Viewed as spam by the search engines, duplicate content is defined as content that already exists on another web page. This content must be considered in “substantive blocks” or be “appreciably similar” according to Adam Lasnik of Google. This content is either extracted from another source or web page or replicated in an effort to increase the chances of getting listed or to help get multiple listings within a search engine’s index. To guard against duplicate content, the search engines have implemented a filter which prevents sites with this offense from being ranked well. If you have fallen prey to duplicate content, your site will be flagged. Google, in particular, will filter out all but the “oldest” page and it may also affect your Google Page Rank.
If you have legitimate reasons for utilizing what would be considered duplicate content, such as “print friendly” pages or pdf’s, simply use an exclusion tag to avoid becoming the victim of the filter. Although Google claims they do not flag for printable versions, you may want to use the no robots tag just to be sure. Regardless, they will choose only one version of the page to list, eliminating the possibility of multiple listings. You will not be flagged for foreign language versions and the utilization of quotes will also not trigger the flag.
If you are redeveloping your website, use these tips to make sure you are not crossing any duplicate content lines:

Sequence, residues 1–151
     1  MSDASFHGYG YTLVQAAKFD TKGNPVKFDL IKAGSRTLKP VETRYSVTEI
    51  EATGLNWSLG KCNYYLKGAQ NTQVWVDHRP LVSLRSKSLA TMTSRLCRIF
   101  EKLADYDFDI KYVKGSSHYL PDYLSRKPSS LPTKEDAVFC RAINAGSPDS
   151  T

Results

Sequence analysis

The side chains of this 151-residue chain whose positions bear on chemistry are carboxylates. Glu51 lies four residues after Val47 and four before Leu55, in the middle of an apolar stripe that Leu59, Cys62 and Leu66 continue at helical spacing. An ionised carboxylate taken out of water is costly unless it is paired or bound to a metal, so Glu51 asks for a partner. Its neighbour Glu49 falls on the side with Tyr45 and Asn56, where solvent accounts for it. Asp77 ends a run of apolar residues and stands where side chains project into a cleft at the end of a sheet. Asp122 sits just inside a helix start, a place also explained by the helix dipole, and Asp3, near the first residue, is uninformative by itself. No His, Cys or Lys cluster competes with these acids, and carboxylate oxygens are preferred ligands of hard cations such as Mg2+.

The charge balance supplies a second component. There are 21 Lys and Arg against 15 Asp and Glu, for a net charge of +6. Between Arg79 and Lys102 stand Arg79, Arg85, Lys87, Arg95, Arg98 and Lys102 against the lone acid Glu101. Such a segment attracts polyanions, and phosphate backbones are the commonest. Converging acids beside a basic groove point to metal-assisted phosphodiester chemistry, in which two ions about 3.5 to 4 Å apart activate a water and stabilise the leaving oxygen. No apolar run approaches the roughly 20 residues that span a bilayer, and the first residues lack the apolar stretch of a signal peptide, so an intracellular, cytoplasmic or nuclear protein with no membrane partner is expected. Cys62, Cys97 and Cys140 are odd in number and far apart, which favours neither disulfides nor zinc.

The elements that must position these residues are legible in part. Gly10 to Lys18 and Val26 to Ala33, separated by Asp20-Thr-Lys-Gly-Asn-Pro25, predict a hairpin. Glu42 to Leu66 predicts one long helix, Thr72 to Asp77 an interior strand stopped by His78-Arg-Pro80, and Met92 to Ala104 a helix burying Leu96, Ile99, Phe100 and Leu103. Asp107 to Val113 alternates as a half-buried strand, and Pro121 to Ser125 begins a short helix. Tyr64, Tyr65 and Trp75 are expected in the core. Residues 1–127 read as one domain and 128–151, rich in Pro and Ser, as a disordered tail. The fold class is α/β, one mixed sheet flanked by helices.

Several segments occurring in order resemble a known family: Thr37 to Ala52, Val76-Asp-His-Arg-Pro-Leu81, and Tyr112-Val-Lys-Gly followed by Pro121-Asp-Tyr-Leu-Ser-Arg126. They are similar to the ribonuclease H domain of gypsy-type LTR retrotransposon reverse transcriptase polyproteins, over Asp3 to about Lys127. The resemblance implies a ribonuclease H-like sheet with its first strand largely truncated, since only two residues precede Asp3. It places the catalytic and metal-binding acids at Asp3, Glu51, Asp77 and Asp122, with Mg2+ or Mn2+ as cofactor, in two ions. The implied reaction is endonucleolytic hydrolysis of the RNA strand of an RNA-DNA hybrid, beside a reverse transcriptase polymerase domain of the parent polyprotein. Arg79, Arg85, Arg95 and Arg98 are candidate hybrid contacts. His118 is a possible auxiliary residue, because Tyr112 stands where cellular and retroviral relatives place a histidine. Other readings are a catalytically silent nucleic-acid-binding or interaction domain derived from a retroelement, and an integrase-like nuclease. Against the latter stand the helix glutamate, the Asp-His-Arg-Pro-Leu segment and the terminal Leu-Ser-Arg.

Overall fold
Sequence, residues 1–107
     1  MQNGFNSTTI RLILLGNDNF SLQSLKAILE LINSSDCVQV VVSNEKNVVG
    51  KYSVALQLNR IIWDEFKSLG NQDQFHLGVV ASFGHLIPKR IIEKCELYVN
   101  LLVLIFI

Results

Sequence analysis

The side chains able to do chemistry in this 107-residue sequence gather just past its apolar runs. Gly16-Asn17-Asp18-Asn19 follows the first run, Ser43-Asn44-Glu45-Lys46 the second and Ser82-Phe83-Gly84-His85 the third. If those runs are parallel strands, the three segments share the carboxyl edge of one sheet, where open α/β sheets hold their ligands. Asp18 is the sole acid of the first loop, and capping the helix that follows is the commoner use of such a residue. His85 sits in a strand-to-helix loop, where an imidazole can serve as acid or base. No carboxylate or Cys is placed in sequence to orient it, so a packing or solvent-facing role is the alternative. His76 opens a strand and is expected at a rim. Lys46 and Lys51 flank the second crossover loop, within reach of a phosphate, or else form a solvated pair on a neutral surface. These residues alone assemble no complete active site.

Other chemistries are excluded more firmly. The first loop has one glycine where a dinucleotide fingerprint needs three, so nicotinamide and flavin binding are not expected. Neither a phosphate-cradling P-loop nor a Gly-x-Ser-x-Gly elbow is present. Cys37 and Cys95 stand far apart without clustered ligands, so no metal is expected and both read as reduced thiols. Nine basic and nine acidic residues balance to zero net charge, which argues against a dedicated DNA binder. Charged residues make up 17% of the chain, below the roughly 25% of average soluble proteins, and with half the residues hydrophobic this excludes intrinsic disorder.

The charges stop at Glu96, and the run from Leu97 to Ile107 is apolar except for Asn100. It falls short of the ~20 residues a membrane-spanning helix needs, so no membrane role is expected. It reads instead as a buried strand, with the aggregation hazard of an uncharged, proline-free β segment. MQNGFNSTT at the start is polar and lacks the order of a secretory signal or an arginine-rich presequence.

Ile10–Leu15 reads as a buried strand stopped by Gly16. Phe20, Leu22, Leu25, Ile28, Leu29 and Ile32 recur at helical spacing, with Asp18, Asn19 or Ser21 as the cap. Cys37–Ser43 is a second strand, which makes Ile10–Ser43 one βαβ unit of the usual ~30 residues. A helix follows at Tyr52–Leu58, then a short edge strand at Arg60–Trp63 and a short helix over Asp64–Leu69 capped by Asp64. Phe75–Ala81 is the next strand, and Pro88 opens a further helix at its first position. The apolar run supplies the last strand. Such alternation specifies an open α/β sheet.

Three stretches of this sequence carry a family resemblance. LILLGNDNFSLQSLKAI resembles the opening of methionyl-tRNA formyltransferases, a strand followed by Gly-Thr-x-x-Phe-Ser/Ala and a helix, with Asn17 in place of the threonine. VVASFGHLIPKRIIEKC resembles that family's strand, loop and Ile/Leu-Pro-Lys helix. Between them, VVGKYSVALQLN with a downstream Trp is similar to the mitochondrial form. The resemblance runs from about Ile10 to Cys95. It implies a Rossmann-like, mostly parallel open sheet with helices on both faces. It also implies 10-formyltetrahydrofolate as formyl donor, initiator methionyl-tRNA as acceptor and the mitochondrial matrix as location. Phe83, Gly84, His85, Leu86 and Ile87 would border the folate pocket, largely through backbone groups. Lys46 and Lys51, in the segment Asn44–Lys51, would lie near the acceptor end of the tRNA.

• Make sure that any old pages are properly 301 redirected to the new page. Especially make sure to redirect if you are using the content from one of your old pages.
• Utilize robots.txt files to block the search engines from spidering any pages that you don’t want them to.
Keep it simple! Duplicate content can be complex if we make it complex … if we’re sharing articles, sharing or buying content, or using database driven content, rules apply.
Despite the good intentions of most website owners, there are some that will not hesitate in borrowing your personal content.
How can you protect yourself from content thieves?
Be your own content police. Occasionally monitor your own text to see if it has been duplicated. To do this, copy a few sentences of your content and paste it into the search function in Google. It will be easy to see the results if someone has “borrowed” your words. Also, check out https://www.copyscape.com – a website plagiarism site
Be aware of your surroundings. Recently, a client of mine discovered that someone had stolen his content and submitted it to an online article site. He discovered this because this very article was holding a top position for one of his keyword phrases. He clicked on the link and saw his own content staring back at him … with somebody else taking credit for it. To remedy this situation, we contacted the article editor and proved to him that this content had been stolen from our client and within a week or so, the article had been removed.
Don’t fret too much about content thieves – they are only hurting themselves. But if you are a victim, you can report the offender to Google.
Remember, there are no shortcuts when it comes to optimization and writing for the search engines. Take the time to be unique and it will benefit you in the long run.
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